If you call yourself a car enthusiast yet don’t have a place in your heart for the Honda Civic Si, you simply haven’t spent enough time with one.
I don’t care if your personal means allow for an Audi RS, BMW M, Jaguar SVR, Mercedes-Benz AMG, or for that matter multiples from Aston Martin, Bentley, Ferrari, Lamborghini and McLaren, there’s something totally unique and extraordinarily special about the Civic Si, not to mention an enviable street and track heritage that spans decades.
In North America the Si name dates all the way back to 1985 when it was first introduced as a range-topping CRX, that short-lived model now a very collectable two-seat Civic-based coupe. This said the Si that initially won many of us over came along in 1986 as a special sport-tuned variant of the third-generation Civic Hatchback. Both models incorporated a 91 horsepower, 12-valve, SOHC, 1.5-litre four-cylinder engine driving the front wheels through a five-speed manual gearbox, which was a potent package for the era.
The Civic Si has been available for most model years ever since, growing in power and handling prowess while developing a devoted cult-like following amongst sport-compact fans. The most recent ninth-generation 2012–2015 Civic Si was available in Coupe and Sedan forms and as of 2014 boasted 205 horsepower and 174 lb-ft of torque from a 2.4-litre four-cylinder engine, also driving the front wheels albeit through a six-speed manual that many, including yours truly, consider one of the best of its type available.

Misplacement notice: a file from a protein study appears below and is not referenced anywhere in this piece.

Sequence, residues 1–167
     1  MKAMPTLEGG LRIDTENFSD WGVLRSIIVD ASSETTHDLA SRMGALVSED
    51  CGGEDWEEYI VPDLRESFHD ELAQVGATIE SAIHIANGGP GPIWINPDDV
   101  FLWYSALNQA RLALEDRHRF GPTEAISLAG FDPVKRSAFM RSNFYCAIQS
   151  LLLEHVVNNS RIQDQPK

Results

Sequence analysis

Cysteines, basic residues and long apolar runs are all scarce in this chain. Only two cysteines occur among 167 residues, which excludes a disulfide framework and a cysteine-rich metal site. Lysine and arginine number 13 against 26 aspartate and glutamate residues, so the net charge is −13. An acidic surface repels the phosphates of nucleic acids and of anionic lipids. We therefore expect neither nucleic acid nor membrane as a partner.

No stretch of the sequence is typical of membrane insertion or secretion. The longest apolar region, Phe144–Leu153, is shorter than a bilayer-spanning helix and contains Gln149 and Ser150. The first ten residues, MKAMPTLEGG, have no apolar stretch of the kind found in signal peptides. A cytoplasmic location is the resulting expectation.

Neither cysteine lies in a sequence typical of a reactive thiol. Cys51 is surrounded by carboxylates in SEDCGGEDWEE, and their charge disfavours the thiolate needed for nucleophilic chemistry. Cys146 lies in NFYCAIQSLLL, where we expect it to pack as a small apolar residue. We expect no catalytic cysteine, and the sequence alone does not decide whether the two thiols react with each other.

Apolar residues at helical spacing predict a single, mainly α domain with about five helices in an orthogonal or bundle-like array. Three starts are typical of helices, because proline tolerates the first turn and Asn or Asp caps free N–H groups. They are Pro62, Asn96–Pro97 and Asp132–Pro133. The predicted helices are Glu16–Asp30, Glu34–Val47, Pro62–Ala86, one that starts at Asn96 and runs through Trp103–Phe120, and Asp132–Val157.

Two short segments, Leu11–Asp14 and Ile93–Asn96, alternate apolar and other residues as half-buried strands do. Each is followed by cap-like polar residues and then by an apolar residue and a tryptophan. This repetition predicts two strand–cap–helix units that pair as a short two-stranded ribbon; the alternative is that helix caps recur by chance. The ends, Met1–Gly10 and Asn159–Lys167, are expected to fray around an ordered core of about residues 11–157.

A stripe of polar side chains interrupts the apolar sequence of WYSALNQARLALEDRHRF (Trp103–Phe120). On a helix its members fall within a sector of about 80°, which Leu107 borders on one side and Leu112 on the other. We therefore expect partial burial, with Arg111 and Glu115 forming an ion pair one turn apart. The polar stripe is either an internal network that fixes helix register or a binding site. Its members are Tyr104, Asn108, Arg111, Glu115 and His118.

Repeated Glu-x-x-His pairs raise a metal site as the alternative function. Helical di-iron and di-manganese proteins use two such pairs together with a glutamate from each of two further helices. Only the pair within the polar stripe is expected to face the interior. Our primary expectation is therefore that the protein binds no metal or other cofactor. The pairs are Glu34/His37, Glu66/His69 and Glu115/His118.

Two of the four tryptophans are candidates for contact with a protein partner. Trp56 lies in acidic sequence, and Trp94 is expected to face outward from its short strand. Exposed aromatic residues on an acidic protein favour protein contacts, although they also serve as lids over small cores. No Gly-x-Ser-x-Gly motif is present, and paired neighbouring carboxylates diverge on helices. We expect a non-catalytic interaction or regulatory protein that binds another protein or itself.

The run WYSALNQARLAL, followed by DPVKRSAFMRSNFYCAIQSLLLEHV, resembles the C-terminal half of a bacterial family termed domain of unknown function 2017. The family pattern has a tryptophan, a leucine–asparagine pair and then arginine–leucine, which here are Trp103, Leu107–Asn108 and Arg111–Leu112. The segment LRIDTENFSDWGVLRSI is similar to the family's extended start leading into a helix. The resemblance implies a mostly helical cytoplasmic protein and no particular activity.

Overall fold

Six forward speeds and an identical 205 horsepower rating remained when the completely redesigned 2017 Civic Si went on sale on May 19th of the same year, but its peak power arrives 1,300 rpm lower in the rev range at 5,700 rpm instead of 7,000, whereas maximum torque was increased by 18 lb-ft to 192, and starts 2,300 rpm earlier at 2,100 rpm compared to 4,400 in the old model, plus it’s sustained over 70 percent of the engine’s rev range. This makes it a much more tractable car at low revs, which is how most of us drive when going about our daily duties, while the new engine is also a much more capable performer when powering out of slow corners or tackling tight, circuitous auto cross or race courses, where most Si owners dream to be on weekends.